This case is analogous to one in which the defendant moves for a mistrial or in which he engages in conduct calculated to necessitate a mistrial, knowing that such actions will result in the empanelling of another jury. In such a situation, where the mistrial is not attributable to prosecutorial or judicial overreaching, the defendant is barred from relying on a double jeopardy defense. United States v. Jorn, 400 U.S. 470, 485, 91 S.Ct. 547, 27 L.Ed.2d 543 (1971); United States v. Dinitz, 5 Cir. 1974, 492 F.2d 53, 57, aff'd en banc, 504 F.2d 854, cert. granted, 420 U.S. 1003, 95 S.Ct. 1445, 43 L.Ed.2d 761 (1975); United States v. Beasley, 5 Cir. 1973,479 F.2d 1124, cert. denied, 414 U.S. 924, 94 S.Ct. 252, 38 L.Ed.2d 158; United States v. Iacovetti, 5 Cir. 1972, 466 F.2d 1147, cert. denied, 410 U.S. 908, 93 S.Ct. 963, 35 L.Ed.2d 270; United States v. Romano, 5 Cir. 1973,482 F.2d 1183, cert. denied sub nom., Yassen v. United States, 414 U.S. 1129, 94 S.Ct. 866, 38 L.Ed.2d 753; McNeal v. Hollowell, 5 Cir. 1973, 481 F.2d 1145, cert. denied, 415 U.S. 951, 94 S.Ct. 1476, 39 L.Ed.2d 567.
True, there was a superseding indictment and it may be that the prosecution would have shown better judgment had it not sought that indictment. Yet, as the precedents have so often held, a superseding indictment may be returned at any time before a trial on the merits. Thus the appellant must be charged with assuming this risk when he chose to make the motion for the psychiatric examination. Indeed, on a choice between no defense and the risk of a superseding indictment, any reasonable person would have chosen the latter alternative.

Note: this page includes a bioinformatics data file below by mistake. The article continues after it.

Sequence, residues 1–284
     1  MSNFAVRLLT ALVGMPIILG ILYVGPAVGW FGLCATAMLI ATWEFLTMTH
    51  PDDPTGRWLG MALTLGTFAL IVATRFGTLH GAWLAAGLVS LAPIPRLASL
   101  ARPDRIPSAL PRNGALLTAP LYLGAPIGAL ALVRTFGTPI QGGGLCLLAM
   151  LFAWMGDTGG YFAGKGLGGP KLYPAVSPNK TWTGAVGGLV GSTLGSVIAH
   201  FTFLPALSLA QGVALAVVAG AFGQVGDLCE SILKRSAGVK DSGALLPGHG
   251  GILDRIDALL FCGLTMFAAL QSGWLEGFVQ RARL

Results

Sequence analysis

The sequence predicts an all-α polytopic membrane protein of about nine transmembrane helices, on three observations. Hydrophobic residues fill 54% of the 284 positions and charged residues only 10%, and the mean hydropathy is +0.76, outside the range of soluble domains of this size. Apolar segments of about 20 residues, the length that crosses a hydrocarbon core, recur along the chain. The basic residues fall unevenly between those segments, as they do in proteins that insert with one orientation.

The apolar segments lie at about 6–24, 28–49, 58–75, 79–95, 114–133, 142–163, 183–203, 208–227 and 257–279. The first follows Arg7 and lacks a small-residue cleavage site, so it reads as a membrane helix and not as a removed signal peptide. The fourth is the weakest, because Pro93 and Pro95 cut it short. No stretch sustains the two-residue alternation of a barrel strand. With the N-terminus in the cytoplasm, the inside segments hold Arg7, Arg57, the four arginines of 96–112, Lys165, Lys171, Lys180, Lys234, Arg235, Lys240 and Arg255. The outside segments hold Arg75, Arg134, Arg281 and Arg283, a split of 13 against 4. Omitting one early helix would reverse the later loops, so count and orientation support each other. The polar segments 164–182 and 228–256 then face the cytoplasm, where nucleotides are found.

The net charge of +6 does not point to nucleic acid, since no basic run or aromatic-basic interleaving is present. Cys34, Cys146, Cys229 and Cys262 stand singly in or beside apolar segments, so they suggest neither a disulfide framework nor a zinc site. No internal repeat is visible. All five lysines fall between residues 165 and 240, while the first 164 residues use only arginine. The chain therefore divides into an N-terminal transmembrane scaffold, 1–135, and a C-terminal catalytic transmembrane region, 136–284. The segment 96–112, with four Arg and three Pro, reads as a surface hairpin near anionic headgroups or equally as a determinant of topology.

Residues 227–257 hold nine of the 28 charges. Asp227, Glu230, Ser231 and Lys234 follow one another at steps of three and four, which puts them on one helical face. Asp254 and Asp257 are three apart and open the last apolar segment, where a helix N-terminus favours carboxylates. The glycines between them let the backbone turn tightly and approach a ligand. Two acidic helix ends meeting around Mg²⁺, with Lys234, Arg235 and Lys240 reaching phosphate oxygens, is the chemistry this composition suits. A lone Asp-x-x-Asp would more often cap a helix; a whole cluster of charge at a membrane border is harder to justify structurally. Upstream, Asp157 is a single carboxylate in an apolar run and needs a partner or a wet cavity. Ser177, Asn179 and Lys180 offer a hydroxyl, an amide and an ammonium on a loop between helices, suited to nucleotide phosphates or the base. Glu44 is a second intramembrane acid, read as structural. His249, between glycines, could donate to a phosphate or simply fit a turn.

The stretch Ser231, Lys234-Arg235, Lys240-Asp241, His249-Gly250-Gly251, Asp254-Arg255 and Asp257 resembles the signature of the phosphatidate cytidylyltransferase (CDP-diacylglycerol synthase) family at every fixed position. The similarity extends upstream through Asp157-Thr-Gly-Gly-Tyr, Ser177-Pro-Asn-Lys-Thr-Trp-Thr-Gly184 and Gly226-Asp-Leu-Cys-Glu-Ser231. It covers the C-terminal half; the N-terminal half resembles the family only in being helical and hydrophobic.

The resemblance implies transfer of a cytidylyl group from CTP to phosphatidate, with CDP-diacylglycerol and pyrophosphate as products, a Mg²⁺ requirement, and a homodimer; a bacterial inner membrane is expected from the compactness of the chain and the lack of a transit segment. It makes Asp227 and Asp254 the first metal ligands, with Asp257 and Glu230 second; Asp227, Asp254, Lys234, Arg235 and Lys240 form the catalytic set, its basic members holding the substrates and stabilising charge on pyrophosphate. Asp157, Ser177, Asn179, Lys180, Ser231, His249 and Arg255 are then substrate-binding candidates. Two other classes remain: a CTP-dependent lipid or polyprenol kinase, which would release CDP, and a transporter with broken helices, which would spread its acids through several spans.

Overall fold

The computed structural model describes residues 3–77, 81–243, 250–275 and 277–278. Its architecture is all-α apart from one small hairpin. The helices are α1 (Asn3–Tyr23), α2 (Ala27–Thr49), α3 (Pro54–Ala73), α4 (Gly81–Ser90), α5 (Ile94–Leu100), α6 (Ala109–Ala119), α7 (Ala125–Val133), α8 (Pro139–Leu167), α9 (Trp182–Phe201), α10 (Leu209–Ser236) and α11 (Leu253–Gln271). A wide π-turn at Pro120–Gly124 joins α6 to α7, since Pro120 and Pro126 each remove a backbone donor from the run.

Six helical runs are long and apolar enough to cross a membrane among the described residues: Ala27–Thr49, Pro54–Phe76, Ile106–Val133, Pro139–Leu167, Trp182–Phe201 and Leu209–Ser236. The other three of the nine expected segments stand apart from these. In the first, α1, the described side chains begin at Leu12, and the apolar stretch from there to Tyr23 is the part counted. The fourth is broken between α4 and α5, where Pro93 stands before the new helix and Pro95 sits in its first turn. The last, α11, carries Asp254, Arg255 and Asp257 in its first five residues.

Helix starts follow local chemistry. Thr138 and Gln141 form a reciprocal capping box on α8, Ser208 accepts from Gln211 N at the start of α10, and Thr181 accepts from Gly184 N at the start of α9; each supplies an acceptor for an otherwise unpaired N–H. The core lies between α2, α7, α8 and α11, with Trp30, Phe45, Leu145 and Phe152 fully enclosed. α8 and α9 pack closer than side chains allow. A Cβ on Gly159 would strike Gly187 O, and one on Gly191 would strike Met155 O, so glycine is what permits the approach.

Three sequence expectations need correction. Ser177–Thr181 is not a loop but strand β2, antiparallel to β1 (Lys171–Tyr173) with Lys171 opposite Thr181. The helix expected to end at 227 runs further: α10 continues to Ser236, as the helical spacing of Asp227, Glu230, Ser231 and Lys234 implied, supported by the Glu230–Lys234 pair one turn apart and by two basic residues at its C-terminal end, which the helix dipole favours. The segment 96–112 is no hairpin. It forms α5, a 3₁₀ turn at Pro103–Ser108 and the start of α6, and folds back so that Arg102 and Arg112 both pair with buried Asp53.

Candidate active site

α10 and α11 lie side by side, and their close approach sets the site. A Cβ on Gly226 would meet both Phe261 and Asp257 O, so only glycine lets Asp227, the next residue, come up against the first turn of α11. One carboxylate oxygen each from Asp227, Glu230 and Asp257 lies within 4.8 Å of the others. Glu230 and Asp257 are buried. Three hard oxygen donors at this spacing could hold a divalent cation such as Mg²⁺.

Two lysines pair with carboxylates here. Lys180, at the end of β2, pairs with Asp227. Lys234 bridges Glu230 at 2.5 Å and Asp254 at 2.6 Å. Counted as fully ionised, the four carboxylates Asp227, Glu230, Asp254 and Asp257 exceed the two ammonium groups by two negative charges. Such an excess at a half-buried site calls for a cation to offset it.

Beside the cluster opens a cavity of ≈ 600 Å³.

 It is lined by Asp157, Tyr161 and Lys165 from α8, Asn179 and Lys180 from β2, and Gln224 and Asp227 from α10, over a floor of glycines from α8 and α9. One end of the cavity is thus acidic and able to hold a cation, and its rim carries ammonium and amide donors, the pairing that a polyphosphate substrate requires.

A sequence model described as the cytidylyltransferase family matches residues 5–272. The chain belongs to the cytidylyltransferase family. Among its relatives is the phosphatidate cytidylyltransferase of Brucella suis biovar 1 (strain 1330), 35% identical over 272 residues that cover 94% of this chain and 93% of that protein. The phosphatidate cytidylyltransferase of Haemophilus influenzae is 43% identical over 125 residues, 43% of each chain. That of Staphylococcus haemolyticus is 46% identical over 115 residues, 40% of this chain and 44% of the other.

Accordingly, we hold that the course followed by the District Court was manifestly necessary and also promoted the ends of public justice. The double jeopardy claim is without merit.
Effectiveness of Counsel
Effective counsel means "not errorless counsel, and not counsel judged ineffective by hindsight, but counsel reasonably likely to render and rendering reasonably effective assistance". MacKenna v. Ellis, 5 Cir. 1960,280 F.2d 592, 599, cert. denied, 368 U.S. 877, 82 S.Ct. 121, 7 L.Ed.2d 78. Appellant's "examples" of ineffectiveness, viewed either individually or cumulatively, do not persuade us that his appointed counsel fell below the standard.
White complains that his attorney should have objected to the seating of at least six of the jurors. Five had previously sat on a forgery case, but the voir dire disclosed no prejudice on their part. Indeed, appellant does not even contend that the defendant in the prior trial was convicted. Juror George Winston was a guard at a penal institution where White had once been briefly held, but there was no indication that he recognized White, and the Judge questioned him at length as to any possible effect his position might have on his opinion. Prejudice of a juror will not be presumed, but must be demonstrated. See McMillon v. Estelle, 5 Cir., 1975, 523 F.2d 1249; United States v. Cashio, 5 Cir. 1969, 420 F.2d 1132, cert. denied, 397 U.S. 1007, 90 S.Ct. 1234, 25 L.Ed.2d 420 (1970).